And sometimes it happens that you are friends and then
You are not friends,
And friendship has passed.
And whole days are lost and among them
A fountain empties itself.
— Brian Patten, “Sometimes It Happens”
Fran and I talk a lot about friendship. We post about it on social media. We blog about it here. We wrote a book based on our experience as transatlantic best friends. We believe friendships are healthiest and most resilient where there’s a commitment to honest and open communication. That’s not to say, of course, that honesty and openness guarantee a friendship will last forever. Things change, and that’s as true of friendship as anything else. Fran and I have weathered more than a few storms over the years. I’d say we’re stronger for it. But not all change is navigable and not all friendships endure.
That’s something I’ve not written about before, although it’s a topic I’ve wanted to explore for a long time. The starting point for this article was a conversation with Fran in which she shared that a friend had told her she’s “too kind,” and that people take advantage of her as a result. Fran agreed she finds it hard to maintain healthy boundaries, and this has led to problems with some friends in the past. I knew what she meant, but the conversation left me feeing uneasy. I knew why; it was the idea that kindness leads to being used or taken advantage of.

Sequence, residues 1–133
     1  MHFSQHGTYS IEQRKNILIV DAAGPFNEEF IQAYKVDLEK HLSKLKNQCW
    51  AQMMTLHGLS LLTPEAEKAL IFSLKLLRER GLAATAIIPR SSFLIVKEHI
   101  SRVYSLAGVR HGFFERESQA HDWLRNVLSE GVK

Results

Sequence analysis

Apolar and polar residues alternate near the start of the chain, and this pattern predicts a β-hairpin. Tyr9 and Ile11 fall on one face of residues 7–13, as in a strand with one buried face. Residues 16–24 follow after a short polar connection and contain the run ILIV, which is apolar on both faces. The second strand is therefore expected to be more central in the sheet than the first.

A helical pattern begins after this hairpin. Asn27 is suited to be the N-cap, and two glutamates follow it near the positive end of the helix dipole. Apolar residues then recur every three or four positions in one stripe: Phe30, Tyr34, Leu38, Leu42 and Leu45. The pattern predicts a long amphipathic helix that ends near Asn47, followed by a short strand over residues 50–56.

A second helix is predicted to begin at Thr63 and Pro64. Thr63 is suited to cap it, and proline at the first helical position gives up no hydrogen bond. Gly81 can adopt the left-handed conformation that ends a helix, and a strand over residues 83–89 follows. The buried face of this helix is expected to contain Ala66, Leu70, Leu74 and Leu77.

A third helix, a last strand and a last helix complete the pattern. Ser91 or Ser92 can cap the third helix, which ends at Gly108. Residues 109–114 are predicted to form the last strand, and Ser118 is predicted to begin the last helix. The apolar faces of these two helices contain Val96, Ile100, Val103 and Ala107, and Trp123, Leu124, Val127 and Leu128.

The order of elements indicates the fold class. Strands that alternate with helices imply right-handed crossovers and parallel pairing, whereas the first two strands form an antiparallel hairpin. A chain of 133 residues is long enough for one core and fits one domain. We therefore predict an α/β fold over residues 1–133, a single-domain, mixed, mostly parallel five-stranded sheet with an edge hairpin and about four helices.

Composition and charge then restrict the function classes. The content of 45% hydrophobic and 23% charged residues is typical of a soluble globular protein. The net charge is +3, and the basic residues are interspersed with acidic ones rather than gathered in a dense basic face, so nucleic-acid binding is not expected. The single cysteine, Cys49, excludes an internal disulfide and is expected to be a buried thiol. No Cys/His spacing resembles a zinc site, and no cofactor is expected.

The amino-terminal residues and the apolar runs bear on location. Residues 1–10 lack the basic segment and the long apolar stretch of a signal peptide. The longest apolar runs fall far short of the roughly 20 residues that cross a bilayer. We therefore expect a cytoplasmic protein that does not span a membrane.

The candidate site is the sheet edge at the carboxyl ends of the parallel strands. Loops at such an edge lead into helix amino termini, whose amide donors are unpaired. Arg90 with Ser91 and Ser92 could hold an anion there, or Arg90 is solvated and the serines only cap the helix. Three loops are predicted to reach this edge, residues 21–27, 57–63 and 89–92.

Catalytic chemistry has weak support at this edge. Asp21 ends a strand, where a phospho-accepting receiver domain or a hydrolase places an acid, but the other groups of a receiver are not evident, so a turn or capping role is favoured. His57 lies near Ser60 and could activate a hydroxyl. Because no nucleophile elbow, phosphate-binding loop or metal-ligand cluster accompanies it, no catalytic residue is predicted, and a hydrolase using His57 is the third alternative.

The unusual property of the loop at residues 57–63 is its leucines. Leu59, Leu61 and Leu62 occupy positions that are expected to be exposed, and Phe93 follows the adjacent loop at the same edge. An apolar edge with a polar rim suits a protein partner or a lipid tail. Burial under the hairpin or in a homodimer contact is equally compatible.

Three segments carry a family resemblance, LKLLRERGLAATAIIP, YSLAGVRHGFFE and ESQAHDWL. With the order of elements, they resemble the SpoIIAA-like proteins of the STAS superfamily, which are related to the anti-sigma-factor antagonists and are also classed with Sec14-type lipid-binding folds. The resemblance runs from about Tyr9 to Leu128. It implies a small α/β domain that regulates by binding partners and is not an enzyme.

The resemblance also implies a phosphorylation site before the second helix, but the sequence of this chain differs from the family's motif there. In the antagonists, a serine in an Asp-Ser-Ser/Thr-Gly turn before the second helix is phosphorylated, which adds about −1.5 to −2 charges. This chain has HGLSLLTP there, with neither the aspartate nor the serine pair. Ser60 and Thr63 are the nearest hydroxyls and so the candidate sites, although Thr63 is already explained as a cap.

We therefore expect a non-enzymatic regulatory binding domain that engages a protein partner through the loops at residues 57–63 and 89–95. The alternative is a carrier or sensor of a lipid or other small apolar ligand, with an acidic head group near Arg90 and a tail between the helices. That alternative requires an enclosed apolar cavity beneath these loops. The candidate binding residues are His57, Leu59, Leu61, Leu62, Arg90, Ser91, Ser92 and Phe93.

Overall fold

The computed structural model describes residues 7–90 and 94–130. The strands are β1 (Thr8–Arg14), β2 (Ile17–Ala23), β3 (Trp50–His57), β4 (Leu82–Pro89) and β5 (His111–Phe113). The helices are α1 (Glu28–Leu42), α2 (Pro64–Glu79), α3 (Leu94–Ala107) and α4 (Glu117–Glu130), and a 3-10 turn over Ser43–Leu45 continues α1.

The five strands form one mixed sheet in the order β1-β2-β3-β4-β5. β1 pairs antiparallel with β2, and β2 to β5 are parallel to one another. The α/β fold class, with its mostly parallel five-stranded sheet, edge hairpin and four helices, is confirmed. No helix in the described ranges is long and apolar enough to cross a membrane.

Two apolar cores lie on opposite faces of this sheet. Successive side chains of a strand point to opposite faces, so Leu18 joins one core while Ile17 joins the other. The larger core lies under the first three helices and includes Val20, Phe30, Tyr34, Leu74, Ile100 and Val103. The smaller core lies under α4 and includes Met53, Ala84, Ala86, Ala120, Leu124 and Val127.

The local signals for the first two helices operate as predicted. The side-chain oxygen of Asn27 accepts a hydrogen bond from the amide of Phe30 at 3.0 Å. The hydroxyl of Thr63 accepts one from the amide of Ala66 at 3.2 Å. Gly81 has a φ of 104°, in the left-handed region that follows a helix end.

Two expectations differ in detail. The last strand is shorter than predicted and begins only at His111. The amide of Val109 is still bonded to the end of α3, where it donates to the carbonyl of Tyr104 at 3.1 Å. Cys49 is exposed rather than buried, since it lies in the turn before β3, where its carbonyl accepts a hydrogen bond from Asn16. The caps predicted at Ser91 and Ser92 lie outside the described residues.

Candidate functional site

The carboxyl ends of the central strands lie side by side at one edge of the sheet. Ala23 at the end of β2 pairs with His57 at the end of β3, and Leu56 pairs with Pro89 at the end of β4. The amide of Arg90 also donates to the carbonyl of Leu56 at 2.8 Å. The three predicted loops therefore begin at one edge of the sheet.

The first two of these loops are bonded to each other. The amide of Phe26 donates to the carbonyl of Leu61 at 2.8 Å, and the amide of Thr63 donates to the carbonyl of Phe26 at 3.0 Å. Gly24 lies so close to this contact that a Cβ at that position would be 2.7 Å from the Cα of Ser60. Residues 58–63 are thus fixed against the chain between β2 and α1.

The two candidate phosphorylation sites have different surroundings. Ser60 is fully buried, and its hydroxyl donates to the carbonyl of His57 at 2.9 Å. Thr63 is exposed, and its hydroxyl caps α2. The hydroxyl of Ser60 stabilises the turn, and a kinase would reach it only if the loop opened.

It’s certainly true that being unconditionally kind can lead to problems, including co-dependency. My mother was a perfect and tragic example of this, as I’ve shared previously in an open letter to my mother written six months after her death. Toxic, manipulative, and abusive relationships also exist, of course. I’ve no first-hand experience to draw on, but I’ve seen how devastating and long-lasting their effects can be. It seems to me, though, that most friendships struggle for more mundane reasons and with little malign intent on either part. Friendships succeed, I suggest, when we are able to meet each other’s needs. They falter, and sometimes end, when we are no longer able to do so.